My son, a funny and sweet 10 year old, is moderately autistic. For those who do not understand what that means, his ability to communicate with others is impaired to the point of having the verbal equivalency of a five to six year old. Abstract concepts are completely foreign to him with every single object, act and word having literal meaning. This is not to say that he does not posses intelligence, however, what it does imply is that when he learns something, it is the physical or visual and literal form that he makes a connection with.
That said, I was completely caught off guard when I saw him knelt down before the seeder pots we had planted a few days before with his hands pressed together as though in prayer, whispering 'please grow, please grow' repeatedly. For a brief moment, I thought it endearing how much he wanted his little seeds to sprout already, just as sister's had, but then the dread hit. Where did this come from? It's practically anti-religious around our house and the kids' dad is resolutely agnostic, also toeing the anti-religious line, and daycare and school were also ruled out.
I redirected my son by pointing to the sun then taking him to the calendar where we marked four more days out as the seedlings' potential 'birthday'. This cheered him up and off he went. I stood and scowled at the dirt-filled containers for awhile longer before deciding to let it go. He didn't know what the underlying meaning of his physical actions were anyway, why stress it?
A few days later just before bedtime, we were watching a rerun episode of Spongebob on Netflix. That squishy square of innocence has a way with kids, and some of us child-like adults, that I cannot give a solid reason as to why our family likes him so much. He's just dumb fun that doesn't get stupid, I suppose. Regardless, I finally found the source to my son's learning about 'prayer'. That little squishy square of innocence was on his knees, squealing his heart and soul out to make Mr Crabbs change his mind, sobbing 'Please Mr Crabbs, please Mr Crabbs' repeatedly. Just as my boy had done with his not yet sprouted seeds.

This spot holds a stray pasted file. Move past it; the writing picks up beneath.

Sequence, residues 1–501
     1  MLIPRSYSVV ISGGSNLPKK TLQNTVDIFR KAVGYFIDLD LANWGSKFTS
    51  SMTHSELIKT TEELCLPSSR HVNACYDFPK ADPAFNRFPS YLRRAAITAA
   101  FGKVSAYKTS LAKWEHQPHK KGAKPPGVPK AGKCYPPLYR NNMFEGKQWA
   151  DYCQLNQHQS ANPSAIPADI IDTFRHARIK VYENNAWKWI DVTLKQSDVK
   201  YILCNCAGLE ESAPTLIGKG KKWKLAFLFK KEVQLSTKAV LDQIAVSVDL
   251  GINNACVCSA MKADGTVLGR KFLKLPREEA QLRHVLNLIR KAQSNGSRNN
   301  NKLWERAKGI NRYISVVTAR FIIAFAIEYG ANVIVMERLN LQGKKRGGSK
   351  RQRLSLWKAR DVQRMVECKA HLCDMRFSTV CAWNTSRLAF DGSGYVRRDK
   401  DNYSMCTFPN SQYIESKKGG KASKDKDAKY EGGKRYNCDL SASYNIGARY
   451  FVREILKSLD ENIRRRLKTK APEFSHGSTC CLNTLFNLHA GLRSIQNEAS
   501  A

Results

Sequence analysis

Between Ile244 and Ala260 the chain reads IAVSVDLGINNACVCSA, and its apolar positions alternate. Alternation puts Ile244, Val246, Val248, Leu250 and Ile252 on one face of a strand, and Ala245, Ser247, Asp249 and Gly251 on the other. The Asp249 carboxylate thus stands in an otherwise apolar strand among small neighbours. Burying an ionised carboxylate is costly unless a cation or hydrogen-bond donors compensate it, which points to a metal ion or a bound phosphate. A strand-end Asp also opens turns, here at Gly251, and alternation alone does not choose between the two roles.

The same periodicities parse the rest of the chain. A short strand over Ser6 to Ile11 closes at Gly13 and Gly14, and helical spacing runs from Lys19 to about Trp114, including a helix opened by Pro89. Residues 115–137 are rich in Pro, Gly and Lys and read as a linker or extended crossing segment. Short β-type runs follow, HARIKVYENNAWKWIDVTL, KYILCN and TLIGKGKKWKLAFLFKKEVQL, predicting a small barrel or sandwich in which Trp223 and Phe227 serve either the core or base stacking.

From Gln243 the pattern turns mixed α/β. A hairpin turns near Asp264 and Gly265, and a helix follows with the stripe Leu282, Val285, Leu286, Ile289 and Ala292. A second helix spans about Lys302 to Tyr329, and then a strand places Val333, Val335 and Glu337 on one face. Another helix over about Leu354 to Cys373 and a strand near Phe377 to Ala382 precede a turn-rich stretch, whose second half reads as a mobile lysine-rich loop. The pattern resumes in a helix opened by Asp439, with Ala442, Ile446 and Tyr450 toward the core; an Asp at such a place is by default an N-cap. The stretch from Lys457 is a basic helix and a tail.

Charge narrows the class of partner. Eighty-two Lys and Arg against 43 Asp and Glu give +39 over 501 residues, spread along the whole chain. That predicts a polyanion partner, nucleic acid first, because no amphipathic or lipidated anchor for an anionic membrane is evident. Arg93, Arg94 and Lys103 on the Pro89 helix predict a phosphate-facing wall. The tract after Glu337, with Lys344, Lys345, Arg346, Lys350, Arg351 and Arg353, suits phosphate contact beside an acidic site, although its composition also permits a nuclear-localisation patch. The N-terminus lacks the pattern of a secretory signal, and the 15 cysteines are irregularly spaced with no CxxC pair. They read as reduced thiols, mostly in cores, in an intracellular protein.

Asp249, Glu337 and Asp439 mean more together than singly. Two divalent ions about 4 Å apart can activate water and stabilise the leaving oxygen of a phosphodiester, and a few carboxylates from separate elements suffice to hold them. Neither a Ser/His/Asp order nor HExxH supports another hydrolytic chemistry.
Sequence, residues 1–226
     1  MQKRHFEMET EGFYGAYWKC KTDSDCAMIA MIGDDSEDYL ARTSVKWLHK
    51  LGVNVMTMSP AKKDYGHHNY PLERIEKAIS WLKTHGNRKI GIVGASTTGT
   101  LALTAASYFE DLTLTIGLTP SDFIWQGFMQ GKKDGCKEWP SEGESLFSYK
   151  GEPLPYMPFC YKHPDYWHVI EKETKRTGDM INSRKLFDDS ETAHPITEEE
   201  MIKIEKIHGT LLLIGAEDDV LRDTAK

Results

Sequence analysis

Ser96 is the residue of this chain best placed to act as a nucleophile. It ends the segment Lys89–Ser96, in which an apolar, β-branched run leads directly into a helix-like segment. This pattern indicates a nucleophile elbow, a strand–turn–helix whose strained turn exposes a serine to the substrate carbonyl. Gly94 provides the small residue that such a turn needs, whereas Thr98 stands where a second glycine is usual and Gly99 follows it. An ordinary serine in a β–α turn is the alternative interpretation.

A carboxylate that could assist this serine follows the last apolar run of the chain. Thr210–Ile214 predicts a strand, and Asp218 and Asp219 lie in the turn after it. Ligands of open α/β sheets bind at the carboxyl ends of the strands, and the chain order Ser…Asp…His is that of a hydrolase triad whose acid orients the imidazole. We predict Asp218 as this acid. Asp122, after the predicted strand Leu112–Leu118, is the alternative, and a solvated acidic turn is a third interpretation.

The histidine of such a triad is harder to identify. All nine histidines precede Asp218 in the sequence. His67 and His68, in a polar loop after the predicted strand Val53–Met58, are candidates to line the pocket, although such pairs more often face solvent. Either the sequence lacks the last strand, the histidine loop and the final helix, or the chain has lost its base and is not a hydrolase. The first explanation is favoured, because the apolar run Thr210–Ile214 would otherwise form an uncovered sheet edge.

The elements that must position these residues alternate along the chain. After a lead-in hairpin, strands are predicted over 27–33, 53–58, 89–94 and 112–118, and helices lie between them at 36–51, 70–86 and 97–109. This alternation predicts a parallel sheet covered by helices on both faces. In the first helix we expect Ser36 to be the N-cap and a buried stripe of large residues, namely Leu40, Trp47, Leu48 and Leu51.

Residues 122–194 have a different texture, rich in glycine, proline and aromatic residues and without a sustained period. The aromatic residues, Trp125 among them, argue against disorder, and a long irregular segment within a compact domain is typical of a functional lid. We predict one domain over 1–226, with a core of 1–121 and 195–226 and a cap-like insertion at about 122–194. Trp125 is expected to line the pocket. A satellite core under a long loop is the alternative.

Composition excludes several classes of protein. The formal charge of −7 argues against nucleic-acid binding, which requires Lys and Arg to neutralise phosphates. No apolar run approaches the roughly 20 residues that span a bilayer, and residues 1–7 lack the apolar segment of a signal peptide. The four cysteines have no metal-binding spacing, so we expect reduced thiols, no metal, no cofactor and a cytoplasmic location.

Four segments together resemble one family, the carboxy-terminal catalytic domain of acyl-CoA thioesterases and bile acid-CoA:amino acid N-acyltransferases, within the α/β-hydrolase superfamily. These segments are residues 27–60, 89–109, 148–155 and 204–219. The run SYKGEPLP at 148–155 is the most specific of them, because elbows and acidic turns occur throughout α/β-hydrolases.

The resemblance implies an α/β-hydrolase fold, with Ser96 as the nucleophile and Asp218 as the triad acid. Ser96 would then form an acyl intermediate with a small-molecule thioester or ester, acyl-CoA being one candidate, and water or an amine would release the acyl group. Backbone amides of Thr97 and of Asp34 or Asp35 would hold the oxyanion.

Ah yes, in my panicky anti-religious state I had misread what was actually going on. That gripping fear of trying to explain how ridiculous and useless the act of praying to an invisible being to make things happen is—to someone who couldn't grasp the abstract concept in the first place, no less—had an irrational hold on me that I'm quite embarrassed by but must admit to having. Mimicry and repetition are the norm around here, and has been for the past eight-and-a-half years, so I should have recognized it for what it was.
Damn squishy square of innocence, anyway.